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America Is Stuck With the Death Penalty for (At Least) a Generation

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With Justice Anthony Kennedy's retirement, the national fight to abolish capital punishment will have to go local.
When the Supreme Court revived capital punishment in 1976, just four years after de facto abolishing it, the justices effectively took ownership of the American death penalty and all its outcomes. They have spent the decades since then setting its legal and constitutional parameters, supervising its general implementation, sanctioning its use in specific cases, and brushing aside concerns about its many flaws.
That unusual role in the American legal system is about to change. With Justice Anthony Kennedy’s retirement from the court this summer, the Supreme Court will lose a heterodox jurist whose willingness to cross ideological divides made him the deciding factor in many legal battles. In cases involving the Eighth Amendment’s prohibition against cruel and unusual punishment, his judgment often meant the difference between life and death for hundreds of death-row pr…

Texas: Former death row inmate seeks $2 million in state compensation

Alfred Brown was released from the Harris County Jail, Texas, Texas on June 8, 2015 (Photo: Houston Chronicle)
Alfred Brown was released from the Harris County Jail, Texas,
Texas on June 8, 2015 (Photo: Houston Chronicle)
Former death row inmate Alfred Dewayne Brown filed a request Monday for almost $2 million dollars in state compensation saying he spent more than 12 years behind bars because he was wrongfully convicted.

State senator Rodney Ellis and lawyers for Brown said the 33-year-old is eligible for a lump sum of $973,589 plus an annuity in that amount to be paid annually for the rest of his life.

Brown was freed from prison last year, and his case has been dismissed but no official has said he is "actually innocent."

However under the Tim Cole Act, a state law providing compensation for the wrongfully convicted, Brown fits the definition of "exonerated," according to his lawyers.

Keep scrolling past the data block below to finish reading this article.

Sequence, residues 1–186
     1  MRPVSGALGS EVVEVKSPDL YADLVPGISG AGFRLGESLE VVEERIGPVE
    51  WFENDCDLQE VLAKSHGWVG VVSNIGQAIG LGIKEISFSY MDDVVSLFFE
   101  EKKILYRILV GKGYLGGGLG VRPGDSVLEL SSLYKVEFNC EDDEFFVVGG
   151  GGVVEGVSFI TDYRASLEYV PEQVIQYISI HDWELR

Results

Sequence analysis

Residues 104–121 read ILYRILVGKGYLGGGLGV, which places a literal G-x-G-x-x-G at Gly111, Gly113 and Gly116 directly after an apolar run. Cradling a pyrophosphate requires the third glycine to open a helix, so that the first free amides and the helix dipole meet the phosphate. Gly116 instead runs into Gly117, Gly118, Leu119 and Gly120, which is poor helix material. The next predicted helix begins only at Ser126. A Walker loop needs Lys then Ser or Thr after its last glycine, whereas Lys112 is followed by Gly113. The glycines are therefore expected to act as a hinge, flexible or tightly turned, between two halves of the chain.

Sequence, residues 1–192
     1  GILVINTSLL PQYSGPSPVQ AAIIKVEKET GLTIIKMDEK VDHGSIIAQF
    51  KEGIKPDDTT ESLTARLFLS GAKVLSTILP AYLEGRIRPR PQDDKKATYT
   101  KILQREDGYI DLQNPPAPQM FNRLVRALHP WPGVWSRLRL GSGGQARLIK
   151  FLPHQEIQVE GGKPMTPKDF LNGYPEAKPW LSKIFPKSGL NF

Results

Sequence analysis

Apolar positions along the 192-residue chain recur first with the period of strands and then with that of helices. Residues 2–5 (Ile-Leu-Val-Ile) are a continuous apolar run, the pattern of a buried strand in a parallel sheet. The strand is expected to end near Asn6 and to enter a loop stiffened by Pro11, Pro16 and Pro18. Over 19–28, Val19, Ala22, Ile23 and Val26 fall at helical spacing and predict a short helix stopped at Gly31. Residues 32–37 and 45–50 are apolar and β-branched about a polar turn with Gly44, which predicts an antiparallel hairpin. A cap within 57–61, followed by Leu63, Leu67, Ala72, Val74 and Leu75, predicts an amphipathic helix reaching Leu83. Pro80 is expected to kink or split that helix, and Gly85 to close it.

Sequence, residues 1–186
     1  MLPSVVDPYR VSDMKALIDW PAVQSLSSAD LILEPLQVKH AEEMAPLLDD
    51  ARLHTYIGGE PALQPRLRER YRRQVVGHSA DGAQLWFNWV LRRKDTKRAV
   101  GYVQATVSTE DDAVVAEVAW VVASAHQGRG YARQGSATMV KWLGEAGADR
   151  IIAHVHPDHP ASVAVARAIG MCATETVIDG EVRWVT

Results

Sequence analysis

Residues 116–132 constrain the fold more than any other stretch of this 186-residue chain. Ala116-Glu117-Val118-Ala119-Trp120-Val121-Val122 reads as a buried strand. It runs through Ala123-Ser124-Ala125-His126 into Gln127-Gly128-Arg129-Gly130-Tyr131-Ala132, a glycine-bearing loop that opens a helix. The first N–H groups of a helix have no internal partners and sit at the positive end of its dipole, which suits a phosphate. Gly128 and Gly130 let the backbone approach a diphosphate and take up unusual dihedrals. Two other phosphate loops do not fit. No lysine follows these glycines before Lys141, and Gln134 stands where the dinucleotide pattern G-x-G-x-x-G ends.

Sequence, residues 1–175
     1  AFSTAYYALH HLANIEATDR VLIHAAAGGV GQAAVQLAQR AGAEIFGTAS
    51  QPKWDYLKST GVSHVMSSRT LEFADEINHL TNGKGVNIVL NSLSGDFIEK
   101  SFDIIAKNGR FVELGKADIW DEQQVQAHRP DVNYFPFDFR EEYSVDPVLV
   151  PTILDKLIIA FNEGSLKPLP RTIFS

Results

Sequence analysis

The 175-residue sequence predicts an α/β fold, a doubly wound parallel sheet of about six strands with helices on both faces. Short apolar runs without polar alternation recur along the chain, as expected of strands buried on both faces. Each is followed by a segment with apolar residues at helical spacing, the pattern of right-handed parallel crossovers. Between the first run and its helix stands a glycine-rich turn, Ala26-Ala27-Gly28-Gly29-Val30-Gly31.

"No 'magic words' are required anymore," said Neal Manne, one of Brown's attorneys. "The magic is in the fact that you're released."

In a red and white plaid button down shirt and jeans, Brown said little Monday except that he is working in construction and enjoying spending days with his family.

"I'm good," he said. "Just staying around family."

Brown spent 12 years and 62 days in jail, including a decade on death row after being convicted of capital murder in the fatal shooting of officer Charles Clark and clerk, Alfredia Jones during the robbery of a check-cashing store in 2003.

The dismissal still rankles Houston police officers who have said, through their union officials, they continue to believe Brown was part of a gang of 3 men involved in the check cashing store robbery turned double murder. Clerk Alfredia Jones was killed in the shooting.

Brown was released from jail June 8 after a police detective came forward with telephone records in the case that could have aided Brown's defense. The records might have bolstered Brown's alibi that he spent the day at his girlfriend's home. The state's highest court reversed the conviction and sent the case back to Houston.

Harris County District Attorney Devon Anderson decided last year that there was not enough credible evidence in the case for a re-trial and dismissed the charges, freeing Brown.

That course of events is enough to show that he is presumed innocent, his lawyers said. The state comptroller will be in charge of distributing the money and other benefits, including free healthcare and free college tuition.

Source: Houston Chronicle, Feb. 22, 2016

Related content:
  • Louisiana: Justice still elusive for exonerated death row inmate Glenn Ford, April 1, 2015. The only thing Glenn Ford has received from the state of Louisiana after spending 30 years on death row as an innocent man is a $20 debit card. After being exonerated of murder last year, he walked out of Angola prison with $20.24; the 24 cents was the money left in his prison account. Mr. Glenn died of cancer shortly after his release from death row. Since his release, Ford had been fighting the state for compensation. Restitution for wrongful imprisonment is not a given in Louisiana; Ford is eligible for a maximum of $330,000. Prisoners who are wrongly incarcerated in Louisiana not only have to petition for compensation from the state, they have to prove they are innocent of the crime for which they were convicted...
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